4. Chris Nowinski
Chris Nowinski didn’t have a long career during the Ruthless Aggression Era in the WWE. A runner-up on the first season of Tough Enough, Nowinski eventually worked out a deal with the company and was a snobby-like character due to his real life education from Harvard. Unfortunately, however, he was never more than a lower-level player during his two-year tenure and eventually retired from in-ring competition due to post-concussion syndrome. Those injuries, however, have catapulted him into his post-wrestling career.
Nowadays, Nowinski is a massive advocate for concussion detection as he’s created the Concussion Legacy Foundation while also speaking on various panels about head trauma and CTE. He may have not made a huge impact as a wrestler but his presence will be felt in a bigger way than he could’ve ever imagined.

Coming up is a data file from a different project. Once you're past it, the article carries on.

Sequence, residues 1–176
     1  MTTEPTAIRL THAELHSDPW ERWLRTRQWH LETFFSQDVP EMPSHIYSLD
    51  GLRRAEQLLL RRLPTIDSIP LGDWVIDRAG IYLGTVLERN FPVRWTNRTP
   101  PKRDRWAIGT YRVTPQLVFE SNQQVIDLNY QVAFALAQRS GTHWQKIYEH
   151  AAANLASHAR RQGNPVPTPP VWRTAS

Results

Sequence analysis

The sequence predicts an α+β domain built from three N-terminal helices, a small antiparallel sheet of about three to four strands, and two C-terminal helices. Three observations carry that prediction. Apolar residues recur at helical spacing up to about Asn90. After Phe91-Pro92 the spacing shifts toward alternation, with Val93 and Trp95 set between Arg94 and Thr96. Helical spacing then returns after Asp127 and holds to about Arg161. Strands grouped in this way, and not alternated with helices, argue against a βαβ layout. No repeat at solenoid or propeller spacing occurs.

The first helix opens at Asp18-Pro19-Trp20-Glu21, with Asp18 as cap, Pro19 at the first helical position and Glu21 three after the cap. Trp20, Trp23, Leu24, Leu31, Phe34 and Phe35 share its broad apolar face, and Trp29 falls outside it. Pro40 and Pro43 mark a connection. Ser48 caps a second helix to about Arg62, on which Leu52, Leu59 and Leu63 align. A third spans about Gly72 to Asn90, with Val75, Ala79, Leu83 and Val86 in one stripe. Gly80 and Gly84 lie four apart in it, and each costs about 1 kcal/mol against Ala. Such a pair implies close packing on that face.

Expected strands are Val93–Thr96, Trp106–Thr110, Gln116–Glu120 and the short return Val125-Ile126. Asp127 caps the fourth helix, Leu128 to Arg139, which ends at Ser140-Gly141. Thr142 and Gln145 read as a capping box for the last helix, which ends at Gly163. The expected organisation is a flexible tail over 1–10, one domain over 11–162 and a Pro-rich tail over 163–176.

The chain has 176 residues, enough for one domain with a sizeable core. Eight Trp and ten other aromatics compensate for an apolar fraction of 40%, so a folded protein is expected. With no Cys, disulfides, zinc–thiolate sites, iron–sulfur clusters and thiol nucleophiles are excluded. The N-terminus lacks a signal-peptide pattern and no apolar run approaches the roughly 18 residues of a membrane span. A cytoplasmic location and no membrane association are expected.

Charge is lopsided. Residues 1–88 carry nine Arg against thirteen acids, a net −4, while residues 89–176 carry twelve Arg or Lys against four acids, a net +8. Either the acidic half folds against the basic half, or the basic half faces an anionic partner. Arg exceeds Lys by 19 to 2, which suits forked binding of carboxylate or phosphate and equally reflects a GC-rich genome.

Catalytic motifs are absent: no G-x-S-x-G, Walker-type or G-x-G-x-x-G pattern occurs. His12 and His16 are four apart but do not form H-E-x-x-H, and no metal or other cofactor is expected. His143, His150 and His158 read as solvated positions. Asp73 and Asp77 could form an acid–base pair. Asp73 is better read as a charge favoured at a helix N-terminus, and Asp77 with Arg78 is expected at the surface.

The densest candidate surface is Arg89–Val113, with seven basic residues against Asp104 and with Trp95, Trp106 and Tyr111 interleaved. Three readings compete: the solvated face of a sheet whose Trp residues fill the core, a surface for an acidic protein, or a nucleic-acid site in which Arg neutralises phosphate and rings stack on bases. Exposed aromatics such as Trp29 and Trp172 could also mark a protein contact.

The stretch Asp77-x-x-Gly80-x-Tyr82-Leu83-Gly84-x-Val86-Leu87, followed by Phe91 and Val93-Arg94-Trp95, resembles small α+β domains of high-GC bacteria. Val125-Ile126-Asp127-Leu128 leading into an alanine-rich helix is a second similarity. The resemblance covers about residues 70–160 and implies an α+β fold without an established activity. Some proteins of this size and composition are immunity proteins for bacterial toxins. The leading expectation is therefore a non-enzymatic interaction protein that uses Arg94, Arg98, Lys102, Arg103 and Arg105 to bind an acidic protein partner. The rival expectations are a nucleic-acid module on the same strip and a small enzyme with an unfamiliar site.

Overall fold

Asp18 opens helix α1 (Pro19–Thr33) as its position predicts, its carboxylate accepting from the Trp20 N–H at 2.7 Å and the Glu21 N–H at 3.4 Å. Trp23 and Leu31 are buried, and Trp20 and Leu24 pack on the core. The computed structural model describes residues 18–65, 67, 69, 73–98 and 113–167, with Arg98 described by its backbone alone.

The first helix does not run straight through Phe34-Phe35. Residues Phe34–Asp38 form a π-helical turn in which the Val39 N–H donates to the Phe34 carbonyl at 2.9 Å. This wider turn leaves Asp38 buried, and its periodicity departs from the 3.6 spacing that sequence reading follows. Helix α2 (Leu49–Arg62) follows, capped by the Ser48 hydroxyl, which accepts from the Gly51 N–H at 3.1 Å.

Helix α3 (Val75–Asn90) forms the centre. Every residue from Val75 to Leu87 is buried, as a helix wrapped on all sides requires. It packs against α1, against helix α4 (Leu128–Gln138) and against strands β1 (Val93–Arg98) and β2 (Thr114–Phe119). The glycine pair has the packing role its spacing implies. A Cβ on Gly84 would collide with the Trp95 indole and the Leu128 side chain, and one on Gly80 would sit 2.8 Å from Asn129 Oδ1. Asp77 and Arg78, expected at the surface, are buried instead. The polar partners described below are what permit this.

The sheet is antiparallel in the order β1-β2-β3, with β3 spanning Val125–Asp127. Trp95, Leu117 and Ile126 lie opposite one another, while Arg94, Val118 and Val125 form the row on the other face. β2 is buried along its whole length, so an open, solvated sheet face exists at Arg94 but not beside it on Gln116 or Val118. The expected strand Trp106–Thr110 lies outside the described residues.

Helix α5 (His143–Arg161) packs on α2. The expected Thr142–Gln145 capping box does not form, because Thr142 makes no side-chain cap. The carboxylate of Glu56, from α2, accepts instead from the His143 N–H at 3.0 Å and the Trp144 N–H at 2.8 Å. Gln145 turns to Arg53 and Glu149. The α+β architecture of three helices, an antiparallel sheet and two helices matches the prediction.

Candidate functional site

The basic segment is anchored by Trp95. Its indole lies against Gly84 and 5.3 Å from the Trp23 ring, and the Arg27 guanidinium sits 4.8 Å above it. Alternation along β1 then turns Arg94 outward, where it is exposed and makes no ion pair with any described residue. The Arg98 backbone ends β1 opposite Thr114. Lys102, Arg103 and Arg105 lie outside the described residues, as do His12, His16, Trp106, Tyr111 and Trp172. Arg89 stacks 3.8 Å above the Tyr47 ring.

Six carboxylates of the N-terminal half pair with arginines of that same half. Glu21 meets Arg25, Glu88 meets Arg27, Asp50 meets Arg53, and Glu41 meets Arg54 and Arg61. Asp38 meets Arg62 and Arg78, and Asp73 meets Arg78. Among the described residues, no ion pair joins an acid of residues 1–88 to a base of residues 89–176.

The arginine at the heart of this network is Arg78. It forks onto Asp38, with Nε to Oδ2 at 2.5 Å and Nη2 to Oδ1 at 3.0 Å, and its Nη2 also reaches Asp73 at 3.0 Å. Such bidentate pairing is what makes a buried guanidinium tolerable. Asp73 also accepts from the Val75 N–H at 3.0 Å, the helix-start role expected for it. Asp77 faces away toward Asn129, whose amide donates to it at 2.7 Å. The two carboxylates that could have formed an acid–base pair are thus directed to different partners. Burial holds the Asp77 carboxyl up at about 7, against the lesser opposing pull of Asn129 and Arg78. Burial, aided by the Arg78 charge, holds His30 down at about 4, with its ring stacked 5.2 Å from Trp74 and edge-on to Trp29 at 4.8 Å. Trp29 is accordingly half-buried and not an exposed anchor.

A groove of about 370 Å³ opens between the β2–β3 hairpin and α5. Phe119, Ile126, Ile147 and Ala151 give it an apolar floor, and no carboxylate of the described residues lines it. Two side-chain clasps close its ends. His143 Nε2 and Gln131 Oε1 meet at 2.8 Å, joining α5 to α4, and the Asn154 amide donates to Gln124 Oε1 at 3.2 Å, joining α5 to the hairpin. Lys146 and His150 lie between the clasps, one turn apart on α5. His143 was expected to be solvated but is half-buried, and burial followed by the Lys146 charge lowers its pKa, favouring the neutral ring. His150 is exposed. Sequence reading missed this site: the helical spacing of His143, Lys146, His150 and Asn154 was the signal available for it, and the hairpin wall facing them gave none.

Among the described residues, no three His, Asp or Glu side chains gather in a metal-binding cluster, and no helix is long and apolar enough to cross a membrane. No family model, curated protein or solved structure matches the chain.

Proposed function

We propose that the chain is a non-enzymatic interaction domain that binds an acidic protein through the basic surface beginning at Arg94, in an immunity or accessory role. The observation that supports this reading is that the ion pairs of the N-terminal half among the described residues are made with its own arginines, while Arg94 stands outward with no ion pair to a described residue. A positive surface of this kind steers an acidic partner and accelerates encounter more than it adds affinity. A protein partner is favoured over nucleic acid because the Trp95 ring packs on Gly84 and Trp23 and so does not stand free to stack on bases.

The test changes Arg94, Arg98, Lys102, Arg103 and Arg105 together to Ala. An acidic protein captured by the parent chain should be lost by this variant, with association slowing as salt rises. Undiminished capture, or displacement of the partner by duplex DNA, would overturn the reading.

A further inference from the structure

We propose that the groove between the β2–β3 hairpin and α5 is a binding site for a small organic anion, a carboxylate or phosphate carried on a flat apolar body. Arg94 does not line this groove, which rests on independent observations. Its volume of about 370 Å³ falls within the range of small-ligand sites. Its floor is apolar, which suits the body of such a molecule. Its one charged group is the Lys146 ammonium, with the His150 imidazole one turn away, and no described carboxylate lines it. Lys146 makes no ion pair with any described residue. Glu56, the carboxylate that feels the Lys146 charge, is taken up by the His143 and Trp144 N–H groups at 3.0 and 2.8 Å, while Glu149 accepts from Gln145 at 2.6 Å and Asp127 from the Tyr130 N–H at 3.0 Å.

On the season where Chris Nowinski was the runner-up on Tough Enough, it was Maven who walked away with the top prize. Someone with a great presence and look, the youngster was positioned in a strong way early on as he eliminated The Undertaker from the Royal Rumble match. He entered a feud with the future Hall of Famer for his Hardcore Championship, which he eventually captured from The Undertaker. While Maven was featured in some prominent feuds — including one against Evolution — he was never able to gain much success as a wrestler.
Released in 2005, Maven wrestled across the independent circuit before calling it quits on his wrestling career in 2007. He did, however, get the itch for a comeback as he made his return at Create A Pro Wrestling Academy in 2015. He’s also been active on television as he’s been featured on shows on VH1 and BET, among others.
2. Zach Gowen